The Republicans’ disdain for America has been laid bare by their tax plan. Progressives must take advantage of this moment.
As you surely know, the versions of the bill passed by the House and Senate are beyond terrible, and they just gets worse with each cover-of-night iteration. Simply put, they accomplish four goals, which I outline below. The evidence behind these assertions is overwhelming and has been made repeatedly, so rather than repeat it, I’ll provide links to the facts.
But if facts were actually in play, we wouldn’t still be arguing about the offsetting growth effects of trickle-down economics, and Treasury Secretary Steven Mnuchin and Senate Majority Leader Mitch McConnell wouldn’t be blithely asserting that the growth effects will more than pay for the revenues lost by this plan.
To be clear, I haven’t given up for a second on fact-based argument. But it is axiomatic that it is not winning and unless we want to wander the political wilderness forever, muttering about our distributional tables and dynamic scores, something more is needed. So, let’s start by recognizing what the majority is really up to here.
· Their plan shifts tax revenues from the U.S. Treasury to the wealthy. In doing so, the plan is as solicitous of those whose income is asset-based as it is punishing to those foolish enough to depend on paychecks. (Evidence here, here, and here.)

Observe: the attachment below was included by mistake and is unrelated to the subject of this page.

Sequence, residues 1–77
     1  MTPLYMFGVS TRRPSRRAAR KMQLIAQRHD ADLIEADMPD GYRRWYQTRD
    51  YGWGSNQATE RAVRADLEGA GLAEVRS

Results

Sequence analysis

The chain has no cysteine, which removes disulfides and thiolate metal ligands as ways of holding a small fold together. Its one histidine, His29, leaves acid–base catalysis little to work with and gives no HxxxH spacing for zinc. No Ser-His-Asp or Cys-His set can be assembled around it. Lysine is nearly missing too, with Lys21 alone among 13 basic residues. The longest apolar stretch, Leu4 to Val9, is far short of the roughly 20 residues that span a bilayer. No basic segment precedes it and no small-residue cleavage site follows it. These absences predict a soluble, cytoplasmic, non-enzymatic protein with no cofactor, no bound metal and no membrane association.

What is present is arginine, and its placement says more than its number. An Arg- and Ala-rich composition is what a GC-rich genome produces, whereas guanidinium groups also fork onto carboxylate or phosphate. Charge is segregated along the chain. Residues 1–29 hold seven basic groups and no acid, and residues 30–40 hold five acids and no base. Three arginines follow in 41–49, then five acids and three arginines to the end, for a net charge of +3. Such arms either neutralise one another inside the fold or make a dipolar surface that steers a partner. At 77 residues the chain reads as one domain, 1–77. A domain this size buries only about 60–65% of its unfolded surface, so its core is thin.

· It raises the deficit by at least $1 trillion over 10 years, though that’s surely a low-ball estimate. (Evidence here.)
· It signals a new, aggressive push by conservatives to radically shrink government (evidence).
· It vastly complicates an already complex tax code on behalf of tax avoiders and evaders, while opening up a huge new loophole incentivizing high-end wage earners to redefine their income as business profits (evidence).
In other words, the plan uses deficit-financed upward redistribution to create more public debt, which Republicans are already pointing to as a means of enforcing spending cuts to social insurance and safety net programs. If you think I’m being alarmist, consider that the lead Republican tax writer, Utah Senator Orin Hatch, just said that the reason that essential funding for the Child’s Health Insurance Program “is having trouble [passing] is because we don’t have money anymore.”
What is a coherent opposition to this madness?
Such an opposition must start from the recognition that the role of government in meeting market failures and inadequate opportunities is, if anything, increasing, as a result of rising pressure from our aging population, climate change, poverty and inequality, decaying infrastructure, and racial and gender injustices. Simply supporting Medicare and Social Security at current levels will require 2.5 percentage points more of GDP in tax revenues over the next decade.
Yes, Republicans will argue, as Hatch does above, that we simply can’t afford any of this. But that argument, while never credible—affordability is a political choice, as a quick glance at the much deeper social welfare programs of Europe reveals—is now thoroughly indefensible. Republicans easily could have written a revenue neutral tax bill. But they decided not to do so, and they thereby sacrifice any right to austerity arguments.